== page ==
EXCELLENT CUSTOMER SERVICE


A friend of mine who lives in the United Kingdom was a Nigerian business some time ago. On his way back to London, they were already onboard the aircraft when it was discovered that it had a fault. It seemed like the fault could be corrected while they waited. Eventually, after 4 to 5 hours, they were asked to disembark from the aircraft. The airline offered to put them in a hotel until the following day when another aircraft could be arranged to take them to London.

When they mention the name of the hotel where they were to put the passengers, my friend protested. He told them that whenever he comes to Lagos, he stays in a five-star hotel. The airline officials would not change their minds. He has airline officials why they would not want to put their customers in the five-star hotel where they lodged their crew members. My friend told the airline officials that he would stay in the first-star hotel at his own expense and he left. Less than 60 minutes after taking to the hotel, the phone in his room rang. An official of that airline said, “we must apologise. We are quite sorry for what happened, and we will pick up your bills.” You will agree with me that my friend got that because he knew what he was supposed to get. When a customer is informed, the customer becomes very powerful and demanding.

Businesses have been able to take customers for granted in our country because of the ignorance of our rights. People offer products and services, and they think they’re doing us a favour and I think this is because ours is an economy that depends on government largely. Most of the funds in circulation revolve around a government, but the civil service has not been the best example of excellent customer service.

However, things are changing, and as our people become empowered, they will be more aware of the rights. The business environment will change. In the next ten years, businesses will not be as usual in this country, and if we do not change our approach to the customer, some businesses are going to fizzle out. It is not going to be just one person from London who knows how things are supposed to be that is going to be demanding. It will be just about everybody. We must be willing now to meet and exceed our customer’s expectation.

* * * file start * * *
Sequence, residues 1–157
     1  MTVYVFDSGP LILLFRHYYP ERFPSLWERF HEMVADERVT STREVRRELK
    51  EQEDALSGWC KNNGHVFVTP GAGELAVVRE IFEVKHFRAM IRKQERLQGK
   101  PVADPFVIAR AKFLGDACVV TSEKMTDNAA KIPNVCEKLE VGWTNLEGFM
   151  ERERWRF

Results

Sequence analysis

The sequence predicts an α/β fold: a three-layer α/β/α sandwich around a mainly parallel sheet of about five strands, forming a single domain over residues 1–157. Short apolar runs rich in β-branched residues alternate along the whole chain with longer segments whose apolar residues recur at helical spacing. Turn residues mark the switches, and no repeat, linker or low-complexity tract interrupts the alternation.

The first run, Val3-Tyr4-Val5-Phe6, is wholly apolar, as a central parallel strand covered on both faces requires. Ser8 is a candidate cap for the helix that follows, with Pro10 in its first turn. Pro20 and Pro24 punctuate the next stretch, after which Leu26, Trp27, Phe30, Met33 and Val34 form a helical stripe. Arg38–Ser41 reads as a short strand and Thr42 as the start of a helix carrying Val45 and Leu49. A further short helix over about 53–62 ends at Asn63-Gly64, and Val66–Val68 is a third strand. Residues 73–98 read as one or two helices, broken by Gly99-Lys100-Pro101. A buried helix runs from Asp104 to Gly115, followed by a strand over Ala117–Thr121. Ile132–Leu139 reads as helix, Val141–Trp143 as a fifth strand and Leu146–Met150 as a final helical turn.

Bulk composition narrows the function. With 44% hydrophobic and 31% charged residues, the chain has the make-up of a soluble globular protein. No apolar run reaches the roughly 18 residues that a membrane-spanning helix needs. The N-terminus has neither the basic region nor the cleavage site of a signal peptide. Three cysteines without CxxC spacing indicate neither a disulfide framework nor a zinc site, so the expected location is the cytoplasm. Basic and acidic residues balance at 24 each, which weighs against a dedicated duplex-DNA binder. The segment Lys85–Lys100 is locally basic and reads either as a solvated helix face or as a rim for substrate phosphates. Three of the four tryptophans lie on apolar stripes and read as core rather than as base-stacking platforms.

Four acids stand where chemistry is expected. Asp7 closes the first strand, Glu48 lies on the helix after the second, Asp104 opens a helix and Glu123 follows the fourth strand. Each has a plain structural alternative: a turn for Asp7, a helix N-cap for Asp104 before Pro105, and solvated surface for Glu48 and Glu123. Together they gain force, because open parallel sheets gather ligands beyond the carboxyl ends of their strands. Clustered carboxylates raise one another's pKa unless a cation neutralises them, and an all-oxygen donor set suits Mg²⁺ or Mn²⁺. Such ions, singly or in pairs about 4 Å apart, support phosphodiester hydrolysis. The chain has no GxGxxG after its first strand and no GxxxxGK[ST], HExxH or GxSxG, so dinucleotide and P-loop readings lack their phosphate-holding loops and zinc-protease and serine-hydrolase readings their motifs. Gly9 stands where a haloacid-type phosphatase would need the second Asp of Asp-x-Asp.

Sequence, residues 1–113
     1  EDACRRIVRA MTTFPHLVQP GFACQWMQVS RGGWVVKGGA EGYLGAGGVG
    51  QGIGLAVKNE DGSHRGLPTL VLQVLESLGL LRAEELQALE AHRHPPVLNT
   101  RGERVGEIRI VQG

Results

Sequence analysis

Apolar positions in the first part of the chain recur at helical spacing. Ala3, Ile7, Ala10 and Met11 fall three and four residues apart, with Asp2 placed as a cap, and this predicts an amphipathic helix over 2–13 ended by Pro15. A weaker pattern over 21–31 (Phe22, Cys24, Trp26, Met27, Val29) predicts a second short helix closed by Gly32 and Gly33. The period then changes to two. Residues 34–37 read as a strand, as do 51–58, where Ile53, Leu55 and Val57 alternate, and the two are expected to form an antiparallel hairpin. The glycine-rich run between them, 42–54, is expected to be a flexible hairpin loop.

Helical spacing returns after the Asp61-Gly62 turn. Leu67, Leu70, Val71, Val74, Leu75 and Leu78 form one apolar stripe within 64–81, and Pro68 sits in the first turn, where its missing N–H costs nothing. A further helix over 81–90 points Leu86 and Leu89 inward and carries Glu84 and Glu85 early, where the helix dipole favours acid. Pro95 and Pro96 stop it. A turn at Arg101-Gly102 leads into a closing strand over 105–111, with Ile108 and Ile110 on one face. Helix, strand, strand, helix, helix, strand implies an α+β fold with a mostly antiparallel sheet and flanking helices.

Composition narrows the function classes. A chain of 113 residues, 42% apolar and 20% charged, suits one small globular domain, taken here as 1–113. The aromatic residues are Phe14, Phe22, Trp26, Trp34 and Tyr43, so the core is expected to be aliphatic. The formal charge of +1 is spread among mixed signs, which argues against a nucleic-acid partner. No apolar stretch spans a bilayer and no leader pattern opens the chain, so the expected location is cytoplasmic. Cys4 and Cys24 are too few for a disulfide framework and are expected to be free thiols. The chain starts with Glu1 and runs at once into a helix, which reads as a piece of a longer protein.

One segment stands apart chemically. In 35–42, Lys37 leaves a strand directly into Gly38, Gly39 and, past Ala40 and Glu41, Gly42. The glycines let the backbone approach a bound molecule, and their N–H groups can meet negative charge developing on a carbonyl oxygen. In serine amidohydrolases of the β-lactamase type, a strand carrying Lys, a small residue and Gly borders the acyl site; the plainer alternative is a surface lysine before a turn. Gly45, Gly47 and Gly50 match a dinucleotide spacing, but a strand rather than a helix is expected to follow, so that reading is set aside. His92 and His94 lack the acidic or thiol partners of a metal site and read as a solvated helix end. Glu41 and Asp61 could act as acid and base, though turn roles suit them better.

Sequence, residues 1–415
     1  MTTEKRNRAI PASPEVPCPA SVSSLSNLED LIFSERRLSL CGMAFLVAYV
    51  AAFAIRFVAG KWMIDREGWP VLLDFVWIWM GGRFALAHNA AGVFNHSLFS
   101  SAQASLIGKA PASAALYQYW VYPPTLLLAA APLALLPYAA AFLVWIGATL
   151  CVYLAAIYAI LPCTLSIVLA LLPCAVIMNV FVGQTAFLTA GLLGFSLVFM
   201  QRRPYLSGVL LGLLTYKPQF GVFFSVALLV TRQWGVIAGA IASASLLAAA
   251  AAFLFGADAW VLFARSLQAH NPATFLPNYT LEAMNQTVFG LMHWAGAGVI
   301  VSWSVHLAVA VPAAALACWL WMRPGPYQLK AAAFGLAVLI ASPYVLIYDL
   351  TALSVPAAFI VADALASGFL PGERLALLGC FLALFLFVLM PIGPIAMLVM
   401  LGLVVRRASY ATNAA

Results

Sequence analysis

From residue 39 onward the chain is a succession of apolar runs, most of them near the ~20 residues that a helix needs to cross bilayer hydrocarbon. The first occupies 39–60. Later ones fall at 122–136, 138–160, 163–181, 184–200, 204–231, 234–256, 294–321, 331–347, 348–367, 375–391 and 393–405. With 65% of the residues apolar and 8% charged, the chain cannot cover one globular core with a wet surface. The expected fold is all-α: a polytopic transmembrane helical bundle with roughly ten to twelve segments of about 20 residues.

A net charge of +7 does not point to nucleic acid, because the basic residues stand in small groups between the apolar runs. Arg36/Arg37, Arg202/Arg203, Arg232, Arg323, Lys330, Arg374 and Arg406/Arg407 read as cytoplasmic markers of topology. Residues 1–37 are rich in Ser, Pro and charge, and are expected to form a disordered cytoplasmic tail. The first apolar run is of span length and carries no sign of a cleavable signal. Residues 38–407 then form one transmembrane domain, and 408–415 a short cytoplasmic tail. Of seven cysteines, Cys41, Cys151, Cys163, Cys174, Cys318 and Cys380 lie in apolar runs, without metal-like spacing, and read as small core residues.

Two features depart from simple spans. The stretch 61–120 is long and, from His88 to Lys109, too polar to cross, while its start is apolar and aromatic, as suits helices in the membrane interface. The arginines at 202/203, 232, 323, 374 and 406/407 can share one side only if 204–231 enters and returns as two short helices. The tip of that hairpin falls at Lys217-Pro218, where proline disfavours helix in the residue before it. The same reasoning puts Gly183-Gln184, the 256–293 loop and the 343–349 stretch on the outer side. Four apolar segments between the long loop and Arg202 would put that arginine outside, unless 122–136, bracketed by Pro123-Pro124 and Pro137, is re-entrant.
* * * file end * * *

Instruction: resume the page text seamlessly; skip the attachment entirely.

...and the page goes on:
In business, the customer is the King. He is the one who has the money in his pocket. The competition in the GSM industry is very instructive. The service providers are offering more and more. Of course, some of them offer so much more in other countries. For example, some do not have validity periods for recharging one’s account as we have here. But as a customer is empowered, we will get there.

You see, if you’re going into business, you don’t try to make most of your money from your products but consumables. For instance, if you design the halogen lamp, you make money probably only once from the apparatus, but you make money regularly from the light bulb. The faster it gets burnt, the better for you. Of course, it’s not better for the customer. So you must strike a balance.

What happened to the GSM industry is going to happen to every sector of economic. We must be willing to treat people well. Most of the complaints that people have concerning customer service are usually not about the product or service, but it is about how they are treated. When you make people feel good about themselves, about you, and their transactions, you are very likely to win what we call customer loyalty.

Get ready to move your business to a new level as you treat your customers, specially. Treat them like kings.

You will succeed!

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